Monday, December 1, 2008

UAE National Day

Tomorrow is UAE National Day, and by good fortune, since Eid Al Adha is just around the corner, the powers that be have decided to give those of us who work in the government sector 10 days off!! Plus today we have celebrations - so basically no one is working today.

To mark the occasion, I decided to wear an abaya ( the long black robe that local women wear) to work. This is the first time I have worn one here - except for the time I wore one to the hospital because I was too ill to find something suitable to wear... The one I wore today is new, given to me by A*, he bought it himself when I was not with him, so it is only just long enough for me to wear with flat shoes. Though I don't consider myself anything other than of normal height for a Northern European Female, I guess I must be taller than the average Emirati / Muslim woman, because off-the-hanger abayas are often too short for me - one of the reasons why I didn't own any until now, except for the one given to me by Auntie S* that I wore to the hospital.

I feel very conspicuous in it, because of the design at the ends of the sleeves - which I won't even try to describe - and the fabric of the scarf is not doing a good job of staying on my head. I realize now why the Emirati women seem to make a big pile of of their hair towards the top of the back of their heads - think it must help keep such slippery scarves in place. The local ladies I work with all seemed very pleased to see me in my abaya and everyone has had a comment about my appearance today, from the driver to our Deputy Director - even HH - our chairman - whom I bumped into as he was making his escape after putting in an appearance at the festivities; he usually ignores me, but this time he greeted me and told me my abaya looks nice, and as he was walking off, either said I look pretty or I look pregnant - I couldn't quite hear, but I am really hoping it was the former, since I am not the latter. All in all it was a little disconcerting, because I am shy and try to avoid being noticed.

Anyway, paranoia and shyness aside, it was an enjoyable day. First the police marching band performed; then some little boys did a traditional dance - they looked so cute; and then a group of men performed a dance where they mostly just stand in a line waving some stick like cane thing and bob their heads and necks up and down and few of them get out in front and twirl their sticks or throw their guns into the air . The head / neck motion seem akin to the head movement that Eritrean men do in some of their traditional dances... The majority of people working here are fairly young local women, many of them single, so the last performance seemed to be the favorite one, and I couldn't help but notice glances exchanged between the dancers and some of my coworkers.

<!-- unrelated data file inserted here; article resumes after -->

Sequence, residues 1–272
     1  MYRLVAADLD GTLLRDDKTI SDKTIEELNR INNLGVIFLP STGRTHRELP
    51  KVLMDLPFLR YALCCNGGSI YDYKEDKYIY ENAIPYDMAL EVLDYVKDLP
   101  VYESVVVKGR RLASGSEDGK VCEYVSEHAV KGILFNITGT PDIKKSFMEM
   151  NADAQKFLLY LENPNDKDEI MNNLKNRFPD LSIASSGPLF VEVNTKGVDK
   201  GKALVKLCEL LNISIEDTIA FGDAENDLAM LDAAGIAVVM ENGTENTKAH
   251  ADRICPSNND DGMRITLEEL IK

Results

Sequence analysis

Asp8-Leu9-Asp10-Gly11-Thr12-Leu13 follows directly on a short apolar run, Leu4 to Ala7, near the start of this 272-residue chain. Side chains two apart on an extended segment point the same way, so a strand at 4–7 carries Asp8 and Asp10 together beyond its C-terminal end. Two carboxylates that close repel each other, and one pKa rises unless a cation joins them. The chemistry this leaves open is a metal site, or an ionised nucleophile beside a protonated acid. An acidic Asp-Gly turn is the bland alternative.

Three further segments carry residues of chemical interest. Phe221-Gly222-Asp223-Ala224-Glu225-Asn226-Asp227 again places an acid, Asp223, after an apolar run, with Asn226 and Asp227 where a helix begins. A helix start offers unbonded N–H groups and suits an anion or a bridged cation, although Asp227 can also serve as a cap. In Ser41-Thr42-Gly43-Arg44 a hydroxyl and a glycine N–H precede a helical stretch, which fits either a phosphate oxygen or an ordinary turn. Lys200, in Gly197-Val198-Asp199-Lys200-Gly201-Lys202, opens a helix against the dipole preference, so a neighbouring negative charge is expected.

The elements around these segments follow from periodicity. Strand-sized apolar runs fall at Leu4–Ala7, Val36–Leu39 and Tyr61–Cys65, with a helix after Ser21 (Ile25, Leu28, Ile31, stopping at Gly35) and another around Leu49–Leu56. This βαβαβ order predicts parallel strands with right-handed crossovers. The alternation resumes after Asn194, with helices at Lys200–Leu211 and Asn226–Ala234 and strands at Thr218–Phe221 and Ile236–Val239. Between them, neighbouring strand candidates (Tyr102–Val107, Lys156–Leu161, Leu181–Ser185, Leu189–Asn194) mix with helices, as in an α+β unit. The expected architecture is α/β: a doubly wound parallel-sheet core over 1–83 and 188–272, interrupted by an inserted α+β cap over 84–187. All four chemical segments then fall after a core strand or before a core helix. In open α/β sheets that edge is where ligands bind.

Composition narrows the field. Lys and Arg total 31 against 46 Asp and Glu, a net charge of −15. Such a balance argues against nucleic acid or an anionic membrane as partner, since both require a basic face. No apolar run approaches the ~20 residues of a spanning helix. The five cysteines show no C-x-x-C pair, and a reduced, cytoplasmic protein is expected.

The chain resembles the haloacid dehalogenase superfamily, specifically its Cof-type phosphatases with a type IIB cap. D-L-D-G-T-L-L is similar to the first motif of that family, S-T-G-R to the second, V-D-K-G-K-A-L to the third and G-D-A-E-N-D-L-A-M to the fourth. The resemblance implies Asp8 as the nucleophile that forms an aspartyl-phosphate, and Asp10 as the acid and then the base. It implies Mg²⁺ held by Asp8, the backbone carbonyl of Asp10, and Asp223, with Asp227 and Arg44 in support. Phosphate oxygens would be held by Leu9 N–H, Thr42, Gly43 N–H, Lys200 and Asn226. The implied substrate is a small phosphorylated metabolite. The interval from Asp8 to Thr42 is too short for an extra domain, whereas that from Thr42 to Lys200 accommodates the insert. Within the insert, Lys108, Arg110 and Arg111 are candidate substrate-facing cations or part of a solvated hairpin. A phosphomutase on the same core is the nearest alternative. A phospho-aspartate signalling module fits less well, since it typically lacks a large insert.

In a tent to the side, there were old ladies wearing the traditional canvas face masks, selling some local foods - my favorite were the fried balls of dough doused in honey - I have no idea what they are called, but they are yummy.

My only disappointment with today is that there were no little girls to perform the "hair dance" (as I like to call it), which I have not had the privilege of seeing live and have only seen on TV, where they toss their hair around in a kind of circular motion.

4 comments:

Asel said...

Assalam alaikum.
Thanks for the post :)

"as he was walking off, either said I look pretty or I look pregnant "
LOL

I believe you do look pretty in abaya and sheila. Being a European you probably have blue/gray eyes and pale skin thus black clothes makes a nice contrast and stresses your beauty. You know how popular is black with famous couturier - it's a very elegant color.

Regarding sheila- it slips off my head too unless I use an under scarf. You can get yourself one- then sheila stays in place the way you fix it all day long (provided you pin it also).

I hope you will wear abaya more often as it's not meant to be worn by local ladies exclusively. Abaya is a Muslima's modest dress and any Moslem woman can wear it notwithstanding ethnicity. And even a non-moslem can wear it (e.g. if she wishes to express respect to a country and it's people by wearing appropriate modest clothes)

I find abayas practical- no need to spend time in front of the mirror trying to match different pieces of clothes to look elegant, modern, smart and modest at the same time.
Abayas are also stylish and bring some grace and dignity to the woman...

desertmonsoon said...

Thanks for your contact Asel - surprisingly enough - though I am northern european in origin (Scandinavian, german and british blend) I have brown eyes :) - though not dark brown - I do have pale skin though since I gave up going to the beach several years ago...
I can see that abayas are pratical - sometimes when I am having one of those days where I am running late for work and can't find a blessed thing to wear I can see how they would come in handy as I could even go to work in my PJs and none would be the wiser. :)

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